After the completion of the pirith nool ritual, the groom is required to present a white cloth that is about 16mm in length to his bride. After the bride is done looking at the cloth, she hands it over to her mother. A white cloth of this particular length is given to the bride’s mother as an expression of gratitude by the groom to his mother-in-law, for raising the bride since her birth.
Regarded as the most beautiful and heart-warming part of Sri Lankan wedding culture. It is also the time when the groom promises the bride’s parents to take care of their daughter for the rest of his life.
Milk and Kiribath
No wedding is complete without a touch of sweetness. In the western wedding culture, the couple usually cut a wedding cake. Similarly, in a Sinhala-Buddhist wedding, it is the milk rice or kiribath touted as the most special dish among the sweetmeats.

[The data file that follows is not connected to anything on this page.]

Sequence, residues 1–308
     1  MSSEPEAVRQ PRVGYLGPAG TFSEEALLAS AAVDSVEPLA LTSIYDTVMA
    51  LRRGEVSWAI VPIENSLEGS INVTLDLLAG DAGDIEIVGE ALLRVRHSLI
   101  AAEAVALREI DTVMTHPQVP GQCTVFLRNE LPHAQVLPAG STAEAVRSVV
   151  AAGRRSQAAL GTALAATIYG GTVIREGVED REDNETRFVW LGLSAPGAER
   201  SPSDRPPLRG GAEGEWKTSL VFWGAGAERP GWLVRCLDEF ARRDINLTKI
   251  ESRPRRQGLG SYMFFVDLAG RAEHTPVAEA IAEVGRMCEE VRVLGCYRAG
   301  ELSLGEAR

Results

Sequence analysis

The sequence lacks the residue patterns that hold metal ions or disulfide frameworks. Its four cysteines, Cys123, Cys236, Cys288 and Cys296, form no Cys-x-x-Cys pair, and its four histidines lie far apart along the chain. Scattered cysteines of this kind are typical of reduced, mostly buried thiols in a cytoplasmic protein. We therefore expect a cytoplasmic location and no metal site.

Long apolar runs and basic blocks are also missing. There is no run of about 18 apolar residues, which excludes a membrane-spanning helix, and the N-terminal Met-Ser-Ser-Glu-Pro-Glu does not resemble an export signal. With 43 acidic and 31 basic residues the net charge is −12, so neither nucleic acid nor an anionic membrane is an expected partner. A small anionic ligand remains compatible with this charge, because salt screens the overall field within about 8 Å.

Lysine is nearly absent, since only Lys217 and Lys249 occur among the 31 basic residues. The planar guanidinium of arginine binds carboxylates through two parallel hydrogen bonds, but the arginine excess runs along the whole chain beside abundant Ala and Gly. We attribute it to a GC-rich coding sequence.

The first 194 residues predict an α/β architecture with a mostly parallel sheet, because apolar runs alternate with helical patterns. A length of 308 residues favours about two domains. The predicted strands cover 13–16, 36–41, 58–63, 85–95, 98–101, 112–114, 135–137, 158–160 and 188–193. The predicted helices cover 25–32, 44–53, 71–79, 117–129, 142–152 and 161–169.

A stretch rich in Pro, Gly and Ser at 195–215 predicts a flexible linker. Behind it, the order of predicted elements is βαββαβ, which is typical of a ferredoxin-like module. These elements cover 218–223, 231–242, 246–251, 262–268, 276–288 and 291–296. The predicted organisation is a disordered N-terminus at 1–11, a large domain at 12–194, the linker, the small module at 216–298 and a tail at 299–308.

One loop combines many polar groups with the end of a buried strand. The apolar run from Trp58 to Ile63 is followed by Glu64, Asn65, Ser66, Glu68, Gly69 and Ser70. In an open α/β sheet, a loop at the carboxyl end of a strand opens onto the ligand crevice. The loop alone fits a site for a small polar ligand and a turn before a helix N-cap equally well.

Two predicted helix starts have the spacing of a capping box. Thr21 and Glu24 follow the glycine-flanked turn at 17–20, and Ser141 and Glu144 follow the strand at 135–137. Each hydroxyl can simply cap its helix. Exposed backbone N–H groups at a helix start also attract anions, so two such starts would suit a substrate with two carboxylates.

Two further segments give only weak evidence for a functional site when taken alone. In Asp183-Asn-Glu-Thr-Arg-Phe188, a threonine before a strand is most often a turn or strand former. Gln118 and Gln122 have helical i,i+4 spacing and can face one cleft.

The bride’s mother is required to feed the couple, a mouth of milk rice and then the groom’s mother is required gives them each a sip of milk. The ceremony ends with the bride and groom feeding each other some kiribath.
As the newly married couple steps down the traditional Poruwa, the groom’s family members break a fresh coconut signifying new beginnings.
The moment the couple stepped off the elevated pavilion on to the ground amidst drummers and dancers, is the moment they announce to the world as husband and wife.
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Wedding Dresses in Sri Lanka
Bride Wedding Dress
Whether the Sri Lankan bride is Sinhalese or Malay, her attire is a beautiful blend of eastern and western tradition. From distinctive western-style veils to timeless silk sarees, Sri Lankan brides look unique and eye-catching.
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On her wedding day, the bride usually wears a heavily embroidered silk saree with a peplum style ruffle around the waist and a long blouse. The saree is weighed down with beads, pearls, stones, and sequins. The bridal saree usually boasts of gold and silver thread work. Certain brides also choose blouses with puffy sleeves in order with the royal custom.